Fear overtook my mind as I received rounds of scans for prostate cancer when my PSA results surged.
When I was a kid, my sisters and I would frighten one another with the claim there was a boogeyman under our beds. At night, on the verge of sleep, I found myself peeking under the bed to see if that were true. My sisters admitted they did the same thing.
And that wasn’t the only nail-biter during our childhood. By turns, each of us would hide in the TV room closet. At just the right moment, we would jump out screaming like a banshee, throwing the other siblings into a panic.
So, I was no stranger to fear, and with the help of an active imagination, experienced doom around every shadowy corner. And so, it goes for children who go through their make-believe phase.
But real fear caught up with me one day in 2014 when I was diagnosed with prostate cancer. Hearing that horrific word, I began to hyperventilate, feeling as if a dagger had been thrust into my heart. Surgery coupled with radiation and hormone therapy helped to calm me down and return me to something resembling normalcy.
In 2015, mere months after surgery, my PSA results surged, precipitating a second round of scans to determine if the cancer had spread. I was sure that now cancer had finally gotten the best of me, and the scan results would bear that out.
The second scariest moment of my cancer journey was about to take place.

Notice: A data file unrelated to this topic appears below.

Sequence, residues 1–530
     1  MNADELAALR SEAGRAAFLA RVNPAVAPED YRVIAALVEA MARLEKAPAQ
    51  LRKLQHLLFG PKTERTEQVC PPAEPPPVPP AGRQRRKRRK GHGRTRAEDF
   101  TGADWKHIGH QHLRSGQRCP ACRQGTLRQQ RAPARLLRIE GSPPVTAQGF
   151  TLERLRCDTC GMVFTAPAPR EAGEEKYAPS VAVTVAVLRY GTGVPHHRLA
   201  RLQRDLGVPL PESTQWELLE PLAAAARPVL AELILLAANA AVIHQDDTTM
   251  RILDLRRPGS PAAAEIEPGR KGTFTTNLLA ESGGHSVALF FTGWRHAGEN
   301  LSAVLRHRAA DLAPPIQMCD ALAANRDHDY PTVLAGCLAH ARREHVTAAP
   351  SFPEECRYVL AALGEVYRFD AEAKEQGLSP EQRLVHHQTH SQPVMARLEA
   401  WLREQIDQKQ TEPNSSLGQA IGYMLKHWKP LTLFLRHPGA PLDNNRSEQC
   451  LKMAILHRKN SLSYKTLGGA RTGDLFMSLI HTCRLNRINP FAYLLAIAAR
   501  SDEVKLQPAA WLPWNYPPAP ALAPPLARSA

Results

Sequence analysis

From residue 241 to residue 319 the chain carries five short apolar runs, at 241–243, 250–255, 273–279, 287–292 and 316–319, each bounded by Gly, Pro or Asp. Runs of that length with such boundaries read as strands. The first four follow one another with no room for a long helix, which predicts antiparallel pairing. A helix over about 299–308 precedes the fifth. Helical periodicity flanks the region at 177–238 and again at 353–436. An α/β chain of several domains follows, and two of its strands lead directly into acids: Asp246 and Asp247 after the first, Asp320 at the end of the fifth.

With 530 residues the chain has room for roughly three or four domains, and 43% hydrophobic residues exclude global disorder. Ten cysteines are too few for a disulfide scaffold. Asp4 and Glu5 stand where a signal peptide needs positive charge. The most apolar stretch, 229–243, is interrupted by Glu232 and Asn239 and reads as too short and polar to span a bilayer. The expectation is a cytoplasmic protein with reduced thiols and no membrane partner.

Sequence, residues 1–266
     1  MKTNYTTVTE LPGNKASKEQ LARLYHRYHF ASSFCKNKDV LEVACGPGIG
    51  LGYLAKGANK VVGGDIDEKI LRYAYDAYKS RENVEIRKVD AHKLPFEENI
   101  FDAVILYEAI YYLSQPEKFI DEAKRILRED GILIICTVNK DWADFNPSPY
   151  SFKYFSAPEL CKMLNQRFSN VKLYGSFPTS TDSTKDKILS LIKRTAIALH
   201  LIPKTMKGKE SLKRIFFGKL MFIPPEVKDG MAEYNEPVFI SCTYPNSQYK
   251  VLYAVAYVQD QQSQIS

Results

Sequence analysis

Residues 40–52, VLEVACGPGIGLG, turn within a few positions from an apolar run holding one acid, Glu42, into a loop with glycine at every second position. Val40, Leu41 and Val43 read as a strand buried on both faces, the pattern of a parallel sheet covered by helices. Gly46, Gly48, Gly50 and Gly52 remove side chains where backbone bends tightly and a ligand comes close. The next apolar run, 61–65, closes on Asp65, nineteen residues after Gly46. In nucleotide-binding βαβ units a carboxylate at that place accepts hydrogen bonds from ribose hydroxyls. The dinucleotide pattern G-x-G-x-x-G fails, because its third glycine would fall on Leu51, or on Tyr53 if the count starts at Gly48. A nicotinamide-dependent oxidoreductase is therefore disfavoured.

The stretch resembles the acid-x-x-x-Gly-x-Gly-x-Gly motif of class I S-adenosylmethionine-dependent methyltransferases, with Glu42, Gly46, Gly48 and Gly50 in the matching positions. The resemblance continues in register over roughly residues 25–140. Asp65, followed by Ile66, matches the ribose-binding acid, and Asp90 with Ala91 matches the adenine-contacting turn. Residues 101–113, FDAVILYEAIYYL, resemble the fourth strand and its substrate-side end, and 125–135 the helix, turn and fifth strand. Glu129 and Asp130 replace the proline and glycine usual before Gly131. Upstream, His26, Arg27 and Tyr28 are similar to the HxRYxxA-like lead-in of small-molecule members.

I went to the hospital outpatient wing for a full body and bone scan. I lay down in a cramped position as the whirring machine slowly inched over me. I had to remain perfectly still, but inside I was a bundle of nerves.
The test had already run for about 25 minutes when the technologist came over the intercom and reassured me that I could relax soon, as the test would end in about five minutes. Shortly, though, she stuck her head into the small room, telling me the radiologist had asked for additional scanning. That caught me completely off guard and fear rose into my throat. Instantly, I felt doomed.
He must suspect something terrible, I thought.
When the scan ended, I got dressed and headed out of the room but was surprised to find the technologist trailing behind me. As we walked down the hall, she placed her hand on my shoulder. I admitted that I was very nervous about this scan. Then she looked at me with a soft gaze and said gently, “Maybe this is a wake-up call.”
My mind raced, trying to determine what she meant without asking her directly. Could she possibly mean that there was no cause to worry because we had gotten out ahead of the cancer’s spread and that we would need to go into a watch-and-wait mode? Or maybe she was signaling that there was indeed some spread in my body, but not extensive?
I was mostly consumed with fear that the cancer had spread too fast too soon. I convinced myself that my life hung in the balance. But a tiny part of me held on to the slimmest hope that the scan would turn out OK. So, during the follow-up with my urologist a few days later, I was thrilled to hear him say, “The cancer has not spread, but it’s still in there and we will have to keep an active watch on it.”
Yes, cancer does get a strong hold on our emotions. It’s like the monster in the closet or the boogeyman under the bed. But hope, however small, can be a formidable ally during these times of jangled nerves. Keep hope alive!
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